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Case report

Clinical laboratories in the era of the COVID-19 pandemic: An analysis of experiences in Serbia

Sanja Stanković1,2, Milika Ašanin1,3
  • University Clinical Center of Serbia, Belgrade, Serbia
  • Faculty of Medical Sciences, University of Kragujevac, Kragujevac, Serbia
  • Faculty of Medicine, University of Belgrade, Belgrade, Serbia

ABSTRACT

The COVID-19 pandemic represents one of the most serious public health threats that our world has faced in recent history. Clinical laboratories play a significant role in the global fight against this pandemic. This paper is based on the experiences of the Center for Medical Biochemistry of the University Clinical Center of Serbia. Using mixed methods research, the study sheds light on the many challenges that the Center has been facing during the pandemic, it outlines the implementation of change, and makes recommendations for functioning during the COVID-19 pandemic and in the post-COVID era.


INTRODUCTION

It has been almost two years since, in December 2019, in the city of Wuhan, in the Chinese province of Hubei, the seventh human corona virus - SARS-CoV-2, which causes severe acute respiratory syndrome, and which is dominantly a droplet and contact infection, was identified. On January 30, 2020, the World Health Organization declared the COVID-19 infection a public health emergency of international concern, and on March 11, 2020, it declared the pandemic of COVID-19 [1]. Since the beginning of the epidemic, 200 million cases of COVID-19 infection have been registered, while more than 4.2 million deaths have been reported in 222 countries worldwide [2].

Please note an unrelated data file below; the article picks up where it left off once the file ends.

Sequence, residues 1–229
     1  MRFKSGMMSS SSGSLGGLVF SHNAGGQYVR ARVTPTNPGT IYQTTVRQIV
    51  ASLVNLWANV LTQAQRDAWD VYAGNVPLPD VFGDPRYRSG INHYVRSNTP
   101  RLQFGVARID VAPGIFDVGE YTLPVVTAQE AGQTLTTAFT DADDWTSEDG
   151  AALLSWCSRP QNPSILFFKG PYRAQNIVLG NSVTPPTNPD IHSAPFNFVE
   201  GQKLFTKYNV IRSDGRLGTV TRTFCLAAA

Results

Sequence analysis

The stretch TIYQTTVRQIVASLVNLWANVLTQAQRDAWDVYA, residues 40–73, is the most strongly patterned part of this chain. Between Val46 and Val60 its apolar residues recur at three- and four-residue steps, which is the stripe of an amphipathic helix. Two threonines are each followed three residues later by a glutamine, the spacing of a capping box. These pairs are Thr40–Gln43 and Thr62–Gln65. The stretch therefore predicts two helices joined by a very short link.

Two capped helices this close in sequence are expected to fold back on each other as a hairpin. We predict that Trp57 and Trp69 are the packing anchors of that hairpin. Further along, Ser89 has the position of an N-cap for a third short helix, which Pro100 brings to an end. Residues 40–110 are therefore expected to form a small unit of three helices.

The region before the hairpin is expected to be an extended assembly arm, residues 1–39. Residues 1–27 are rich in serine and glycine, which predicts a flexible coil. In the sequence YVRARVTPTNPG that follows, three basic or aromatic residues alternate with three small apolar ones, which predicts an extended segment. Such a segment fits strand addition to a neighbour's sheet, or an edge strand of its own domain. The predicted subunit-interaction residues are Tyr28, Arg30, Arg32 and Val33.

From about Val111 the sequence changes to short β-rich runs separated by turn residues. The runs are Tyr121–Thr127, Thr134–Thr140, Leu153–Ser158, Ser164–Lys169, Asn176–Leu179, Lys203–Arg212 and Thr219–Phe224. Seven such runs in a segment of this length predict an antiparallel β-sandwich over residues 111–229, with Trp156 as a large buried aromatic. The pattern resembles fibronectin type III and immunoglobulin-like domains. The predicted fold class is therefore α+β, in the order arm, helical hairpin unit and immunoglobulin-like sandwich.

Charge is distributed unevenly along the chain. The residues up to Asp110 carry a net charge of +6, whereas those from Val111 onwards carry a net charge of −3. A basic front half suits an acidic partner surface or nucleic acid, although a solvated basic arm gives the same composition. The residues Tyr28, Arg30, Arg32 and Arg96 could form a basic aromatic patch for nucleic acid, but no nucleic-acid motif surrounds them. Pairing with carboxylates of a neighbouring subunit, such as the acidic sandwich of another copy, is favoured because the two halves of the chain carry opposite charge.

The COVID-19 pandemic represents one of the most serious public health threats that our world has faced in recent history. In the global fight against this pandemic, clinical laboratories have had an important role. Since the beginning of the pandemic, laboratory workers have been, selflessly and tirelessly, on the frontline of the fight against the COVID-19 infection, both in laboratories in the public, as well as in the private sector [3].

Clinical laboratories are in the focus of attention exclusively for their very significant role in molecular testing, SARS-CoV-2 RNA detection, and serological monitoring [4]. On the other hand, initially, the operation of clinical biochemistry laboratories, just like in previous pandemics, was not given great importance, either in professional circles or in the public eye. However, during this lasting crisis, it has transpired that timely provided service and the quality of clinical biochemistry laboratory diagnostics, in the sense of initial diagnostic patient examinations, as well as biochemical monitoring of inflammation biomarkers/multiorgan dysfunction of hospitalized patients suffering from the severe form of COVID-19 and with complications, is of invaluable importance for public health and safety.

AIM

The aim of this paper is to describe the practical experiences of clinical laboratory management during the pandemic, with a special overview of the experience of the Center for Medical Biochemistry of the University Clinical Center of Serbia (CMB-UCCS).

METHODS

The method applied in this paper is a combined description of an overview of rules and regulations and the activities carried out in the field. Using the example of the observed unit of UCCS, the challenges, necessary changes, and the implementation of the changes have been described, and recommendations on functioning during the COVID-19 pandemic, and in the post-COVID era, have been given.